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Edited by Jonathan Vernon, Saturday, 17 Sep 2011, 21:50
'Amateurs' often create content which addresses subjects that academics may not and also in a manner which differs from traditional teaching', Weller (2011)
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The novice can outsmart the master through impulsive and unexpected action.  But only once.

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Because they look at things from an original perspective and do not follow rigid dogma. wink

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I've picked this out of Martin Weller's new book 'The Digital Scholar'. (2011) This book is published under a Creative Commons licence that throws away the old concenpt of copyright and ownership, inviting people to do as they please with the content so long as he is attributed (indeed any of the other authors/academics he quotes himself). He is either on a mission, or playing at the edge of digital scholarship by inviting others in, expecting more than peer review for his thinking followed by publication years hence in an academic journal.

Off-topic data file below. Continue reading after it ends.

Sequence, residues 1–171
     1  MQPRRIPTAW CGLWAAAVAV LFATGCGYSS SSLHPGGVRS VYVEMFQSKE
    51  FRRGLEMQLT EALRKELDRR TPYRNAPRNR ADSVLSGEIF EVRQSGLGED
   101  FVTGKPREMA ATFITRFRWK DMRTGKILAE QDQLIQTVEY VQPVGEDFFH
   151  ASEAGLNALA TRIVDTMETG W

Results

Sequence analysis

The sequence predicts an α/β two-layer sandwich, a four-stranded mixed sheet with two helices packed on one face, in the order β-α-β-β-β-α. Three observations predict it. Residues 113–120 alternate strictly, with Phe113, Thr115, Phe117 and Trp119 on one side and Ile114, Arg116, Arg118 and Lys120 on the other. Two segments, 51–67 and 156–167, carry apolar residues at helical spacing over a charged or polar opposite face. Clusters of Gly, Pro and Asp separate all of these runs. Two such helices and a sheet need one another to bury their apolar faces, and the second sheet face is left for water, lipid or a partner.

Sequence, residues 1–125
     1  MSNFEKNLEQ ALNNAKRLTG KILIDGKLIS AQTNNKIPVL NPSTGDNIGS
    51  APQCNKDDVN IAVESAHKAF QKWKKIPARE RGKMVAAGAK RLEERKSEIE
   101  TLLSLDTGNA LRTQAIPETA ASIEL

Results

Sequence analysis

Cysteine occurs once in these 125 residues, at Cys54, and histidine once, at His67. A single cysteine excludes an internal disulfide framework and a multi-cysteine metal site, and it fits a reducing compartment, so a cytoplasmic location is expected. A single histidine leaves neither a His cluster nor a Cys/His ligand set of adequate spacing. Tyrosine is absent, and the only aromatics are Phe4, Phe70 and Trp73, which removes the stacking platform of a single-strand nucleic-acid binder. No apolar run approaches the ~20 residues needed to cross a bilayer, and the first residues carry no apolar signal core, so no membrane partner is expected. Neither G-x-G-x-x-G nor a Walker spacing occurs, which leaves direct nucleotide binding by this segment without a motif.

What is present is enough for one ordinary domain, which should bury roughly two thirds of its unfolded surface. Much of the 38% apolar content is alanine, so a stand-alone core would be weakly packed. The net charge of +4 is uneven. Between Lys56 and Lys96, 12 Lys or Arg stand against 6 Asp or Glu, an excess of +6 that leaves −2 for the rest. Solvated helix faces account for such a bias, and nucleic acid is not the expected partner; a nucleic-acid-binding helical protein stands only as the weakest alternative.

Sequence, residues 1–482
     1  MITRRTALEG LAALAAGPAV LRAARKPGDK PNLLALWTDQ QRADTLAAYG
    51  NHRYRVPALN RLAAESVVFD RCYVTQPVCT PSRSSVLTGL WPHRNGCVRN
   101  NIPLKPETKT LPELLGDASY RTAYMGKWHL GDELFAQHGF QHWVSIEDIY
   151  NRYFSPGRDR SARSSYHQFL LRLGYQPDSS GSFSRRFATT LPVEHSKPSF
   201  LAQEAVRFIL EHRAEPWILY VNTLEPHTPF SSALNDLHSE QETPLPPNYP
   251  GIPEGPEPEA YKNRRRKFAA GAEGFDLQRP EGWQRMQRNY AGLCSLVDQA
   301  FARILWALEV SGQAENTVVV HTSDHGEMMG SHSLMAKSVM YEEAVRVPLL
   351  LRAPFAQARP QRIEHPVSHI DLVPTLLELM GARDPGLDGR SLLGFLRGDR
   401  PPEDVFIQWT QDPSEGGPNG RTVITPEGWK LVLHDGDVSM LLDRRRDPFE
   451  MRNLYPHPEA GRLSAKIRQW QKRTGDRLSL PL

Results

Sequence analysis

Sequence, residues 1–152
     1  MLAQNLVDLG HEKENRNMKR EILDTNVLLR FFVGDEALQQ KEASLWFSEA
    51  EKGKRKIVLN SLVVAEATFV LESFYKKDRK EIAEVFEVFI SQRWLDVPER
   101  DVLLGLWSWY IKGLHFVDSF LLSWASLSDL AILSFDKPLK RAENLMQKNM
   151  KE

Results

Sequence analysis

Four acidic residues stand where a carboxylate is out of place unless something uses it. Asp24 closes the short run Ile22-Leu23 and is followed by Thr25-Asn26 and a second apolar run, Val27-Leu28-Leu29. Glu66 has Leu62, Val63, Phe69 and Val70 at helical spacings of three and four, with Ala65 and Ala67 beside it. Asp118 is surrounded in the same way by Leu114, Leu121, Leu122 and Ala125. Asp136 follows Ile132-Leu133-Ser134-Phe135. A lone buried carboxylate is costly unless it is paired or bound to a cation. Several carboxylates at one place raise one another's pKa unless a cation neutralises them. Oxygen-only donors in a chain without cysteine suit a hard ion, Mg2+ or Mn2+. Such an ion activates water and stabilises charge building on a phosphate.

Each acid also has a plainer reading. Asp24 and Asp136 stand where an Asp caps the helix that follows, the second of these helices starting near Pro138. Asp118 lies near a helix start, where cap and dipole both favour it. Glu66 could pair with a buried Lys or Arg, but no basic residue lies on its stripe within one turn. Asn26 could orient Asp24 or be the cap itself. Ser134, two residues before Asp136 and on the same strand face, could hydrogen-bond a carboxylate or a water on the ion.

The stance I take, is that the outside, the novice, someone from a different discipline or culture, can, act in many ways to amerliorate knowledge, either as a catalyst for seeing things differently, or by seeing things differently themselves and in time being able to articulate this in a convincing manner. They don't have to wait for permission or acceptance, they just do it. So long as we can see (as you can online, say with a wiki) the trail of changes (editing, additions) others coming to this fluid material may draw their own conclusions (if a conclusion is now ever possibly given that a work offered online in this way is never complete).

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I agree with Joyce and the thing that irritates me is the lack of incentive to be original in essays. Why must we find someone who's already said it just because we're lowly students?

It's infuriating when we have something unique to say but dare not mention it because we can't back it up so it'll be seen to be too subjective.

Humph!